Lillian Schwartz with consoles and joystick, 1976. The procedure in 1973–74 for manipulating an image required moving among consoles, a joystick, and other devices. Courtesy Lillian Schwartz
This panel brings together artists and leading figures in the digital preservation field for a discussion on the theory and practice of preserving the fragile cultural artifacts and artworks of the computer age. Participants include digital humanities scholars Matthew Kirschenbaum and Lori Emerson, and computer art pioneer Lillian Schwartz. Moderated by Ben Fino-Radin, Digital Conservator, Rhizome. Organized by Rhizome, a New Museum affiliate.
Artist Lillian Schwartz began working with technological media in the mid-1960s with projects that included electronic mobiles and lightboxes containing moving fluid. In 1966, she became a member of the Experiments in Art and Technology Group, which fostered collaborations between artists and technologists. Her complex kinetic sculpture Proxima Centauri was included in the 1968 MoMA exhibition “The Machine as Seen at the End of the Mechanical Age.” Subsequently, she worked as a consultant at AT&T Bell Laboratories, IBM’s Thomas J. Watson Research Laboratory, and at Lucent Technologies Bell Labs Innovations. On her own, and with leading scientists, engineers, physicists, and psychologists, she developed effective techniques for the use of the computer in film and animation. Schwartz has also investigated the computer’s uses for art analysis and restoration.
Lori Emerson is an Assistant Professor in the Department of English at the University of Colorado at Boulder. She writes on and teaches digital literature, experimental American and Canadian writing from the twentieth and twenty-first century, history of computing, and media theory. In addition to directing the Media Archaeology Lab, she is also currently working on two book projects: a monograph, Reading Writing Interfaces: From the Digital to the Bookbound (forthcoming from University of Minnesota Press, spring 2014), and The Johns Hopkins Guide to Digital Media, coedited with Marie-Laure Ryan and Benjamin Robertson (forthcoming 2014).
Matthew G. Kirschenbaum is Associate Professor in the Department of English at the University of Maryland and Associate Director of the Maryland Institute for Technology in the Humanities (MITH, an applied think tank for the digital humanities). A 2011 Guggenheim Fellow, Kirschenbaum specializes in digital humanities, electronic literature and creative new media (including games), textual studies, and postmodern/experimental literature. His first book, Mechanisms: New Media and the Forensic Imagination, was published by the MIT Press in early 2008. He is currently at work on his next book, Track Changes: Authorship, Archives, and Literary Culture After Word Processing.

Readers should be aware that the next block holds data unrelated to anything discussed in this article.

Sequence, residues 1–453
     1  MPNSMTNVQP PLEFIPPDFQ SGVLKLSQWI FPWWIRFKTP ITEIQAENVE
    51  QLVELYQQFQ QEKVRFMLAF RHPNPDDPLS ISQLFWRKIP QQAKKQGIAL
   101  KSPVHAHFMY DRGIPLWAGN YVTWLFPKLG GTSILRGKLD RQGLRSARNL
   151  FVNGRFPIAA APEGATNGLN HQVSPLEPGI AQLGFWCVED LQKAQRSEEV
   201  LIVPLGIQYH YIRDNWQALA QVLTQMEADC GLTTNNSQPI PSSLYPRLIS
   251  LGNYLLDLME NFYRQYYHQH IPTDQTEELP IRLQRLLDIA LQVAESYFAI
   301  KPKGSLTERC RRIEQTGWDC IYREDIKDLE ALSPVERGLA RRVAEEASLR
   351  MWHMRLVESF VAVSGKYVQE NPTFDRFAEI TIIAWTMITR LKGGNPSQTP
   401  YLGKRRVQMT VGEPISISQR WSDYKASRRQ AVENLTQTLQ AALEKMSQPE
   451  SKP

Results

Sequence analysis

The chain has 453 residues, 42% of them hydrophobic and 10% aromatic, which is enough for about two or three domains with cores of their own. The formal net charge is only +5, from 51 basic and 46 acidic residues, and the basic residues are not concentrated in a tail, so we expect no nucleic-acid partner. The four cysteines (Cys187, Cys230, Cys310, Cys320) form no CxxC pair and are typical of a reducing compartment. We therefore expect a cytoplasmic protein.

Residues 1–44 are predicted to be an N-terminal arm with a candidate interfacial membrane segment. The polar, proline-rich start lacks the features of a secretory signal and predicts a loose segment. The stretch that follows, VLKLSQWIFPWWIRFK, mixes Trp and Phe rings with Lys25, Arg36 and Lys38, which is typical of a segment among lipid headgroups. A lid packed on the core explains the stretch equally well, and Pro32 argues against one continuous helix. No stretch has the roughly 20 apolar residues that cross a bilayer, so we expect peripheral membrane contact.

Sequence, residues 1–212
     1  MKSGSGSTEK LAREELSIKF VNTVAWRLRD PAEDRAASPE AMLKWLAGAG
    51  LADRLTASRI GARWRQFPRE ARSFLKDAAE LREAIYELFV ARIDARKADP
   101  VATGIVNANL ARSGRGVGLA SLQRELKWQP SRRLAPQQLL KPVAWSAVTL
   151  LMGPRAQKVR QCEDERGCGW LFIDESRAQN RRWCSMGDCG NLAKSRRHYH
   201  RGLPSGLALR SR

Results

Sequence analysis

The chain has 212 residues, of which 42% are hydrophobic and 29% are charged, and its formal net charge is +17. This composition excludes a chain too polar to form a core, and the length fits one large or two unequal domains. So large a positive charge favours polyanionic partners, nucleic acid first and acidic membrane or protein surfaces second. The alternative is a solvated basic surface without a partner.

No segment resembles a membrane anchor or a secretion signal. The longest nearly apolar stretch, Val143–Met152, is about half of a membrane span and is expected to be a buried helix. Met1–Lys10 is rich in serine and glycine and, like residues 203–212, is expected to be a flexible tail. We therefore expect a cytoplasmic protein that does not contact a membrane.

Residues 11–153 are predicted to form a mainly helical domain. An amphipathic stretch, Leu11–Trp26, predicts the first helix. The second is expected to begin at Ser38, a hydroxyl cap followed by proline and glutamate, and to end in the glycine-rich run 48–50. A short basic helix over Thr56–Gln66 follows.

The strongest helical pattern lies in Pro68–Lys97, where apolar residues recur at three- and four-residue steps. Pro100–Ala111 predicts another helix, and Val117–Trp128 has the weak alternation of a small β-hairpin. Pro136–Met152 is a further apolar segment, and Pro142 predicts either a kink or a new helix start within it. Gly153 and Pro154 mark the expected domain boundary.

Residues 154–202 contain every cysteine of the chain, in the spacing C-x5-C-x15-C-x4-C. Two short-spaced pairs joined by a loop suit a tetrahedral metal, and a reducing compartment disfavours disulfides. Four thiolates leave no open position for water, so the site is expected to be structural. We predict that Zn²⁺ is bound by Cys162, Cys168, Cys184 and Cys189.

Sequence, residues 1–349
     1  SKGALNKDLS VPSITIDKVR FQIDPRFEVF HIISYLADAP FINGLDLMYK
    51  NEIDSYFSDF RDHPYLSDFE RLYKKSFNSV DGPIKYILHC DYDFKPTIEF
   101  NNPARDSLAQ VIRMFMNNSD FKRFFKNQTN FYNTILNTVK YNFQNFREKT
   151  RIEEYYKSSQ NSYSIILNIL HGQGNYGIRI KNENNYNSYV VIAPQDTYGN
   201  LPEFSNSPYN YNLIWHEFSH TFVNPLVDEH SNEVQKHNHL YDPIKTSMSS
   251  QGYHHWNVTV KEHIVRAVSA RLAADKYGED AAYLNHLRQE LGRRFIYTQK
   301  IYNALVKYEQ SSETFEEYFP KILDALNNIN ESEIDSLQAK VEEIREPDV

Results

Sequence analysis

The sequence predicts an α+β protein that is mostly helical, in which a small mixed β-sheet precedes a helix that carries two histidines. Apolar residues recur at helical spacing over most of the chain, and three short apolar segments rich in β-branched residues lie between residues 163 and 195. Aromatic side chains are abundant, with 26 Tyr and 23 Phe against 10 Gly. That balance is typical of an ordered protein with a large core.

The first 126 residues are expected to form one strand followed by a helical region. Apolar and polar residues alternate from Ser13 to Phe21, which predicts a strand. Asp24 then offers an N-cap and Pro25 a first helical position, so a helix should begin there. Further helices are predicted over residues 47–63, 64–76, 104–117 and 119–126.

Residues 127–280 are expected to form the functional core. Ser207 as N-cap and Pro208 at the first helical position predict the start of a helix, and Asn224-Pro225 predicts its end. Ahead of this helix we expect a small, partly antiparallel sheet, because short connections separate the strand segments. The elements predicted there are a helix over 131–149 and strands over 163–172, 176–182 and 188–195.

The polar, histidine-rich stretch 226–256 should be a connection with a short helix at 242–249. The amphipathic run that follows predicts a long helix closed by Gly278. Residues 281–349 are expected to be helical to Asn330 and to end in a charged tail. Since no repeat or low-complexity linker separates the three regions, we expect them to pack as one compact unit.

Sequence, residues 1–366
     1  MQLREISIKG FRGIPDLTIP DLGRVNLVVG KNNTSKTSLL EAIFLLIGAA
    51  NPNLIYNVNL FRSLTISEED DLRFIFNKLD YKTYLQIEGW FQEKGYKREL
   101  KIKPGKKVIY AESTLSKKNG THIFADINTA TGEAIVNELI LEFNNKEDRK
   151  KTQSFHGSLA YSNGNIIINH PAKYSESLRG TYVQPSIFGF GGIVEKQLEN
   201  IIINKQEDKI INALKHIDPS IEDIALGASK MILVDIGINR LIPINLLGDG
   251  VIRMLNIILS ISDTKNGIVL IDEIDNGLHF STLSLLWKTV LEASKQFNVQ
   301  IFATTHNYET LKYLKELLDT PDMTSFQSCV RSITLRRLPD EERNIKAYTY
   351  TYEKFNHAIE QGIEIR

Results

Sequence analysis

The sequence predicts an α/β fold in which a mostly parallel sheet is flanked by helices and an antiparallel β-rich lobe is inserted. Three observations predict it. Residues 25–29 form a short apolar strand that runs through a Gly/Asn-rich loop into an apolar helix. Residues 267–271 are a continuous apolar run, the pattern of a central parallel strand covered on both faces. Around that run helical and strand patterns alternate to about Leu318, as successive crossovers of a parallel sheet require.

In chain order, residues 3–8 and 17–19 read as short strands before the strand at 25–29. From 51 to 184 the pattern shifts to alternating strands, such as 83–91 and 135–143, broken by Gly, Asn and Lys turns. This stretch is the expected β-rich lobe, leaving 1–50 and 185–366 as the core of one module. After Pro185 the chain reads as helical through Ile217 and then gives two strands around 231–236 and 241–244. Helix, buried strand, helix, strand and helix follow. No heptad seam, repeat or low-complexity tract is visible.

Ben Fino-Radin is a New York–based media archaeologist and conservator of born-digital and computer-based works of contemporary art. He is in practice at Rhizome at the New Museum, as well as at MoMA’s Department of Conservation. At Rhizome, Fino-Radin leads the preservation and curation of the ArtBase, one of the oldest and most comprehensive collections of born-digital works of art. At MoMA, he oversees the Digital Repository for Museum Collections, and advises on the collection and preservation of digital artworks and design objects—including the recently acquired video games.
XFR STN Symposium
9/7 1PM & 3 PM
This one-day symposium will examine current challenges of the Digital Dark Age as it applies to digital artworks, electronic literature and time-based media. It will tackle issues such as format obsolescence, media migration, and digital preservation, to confront their frames of possibility. Co-organized by New Museum Education and Rhizome in conjunction with “XFR STN.”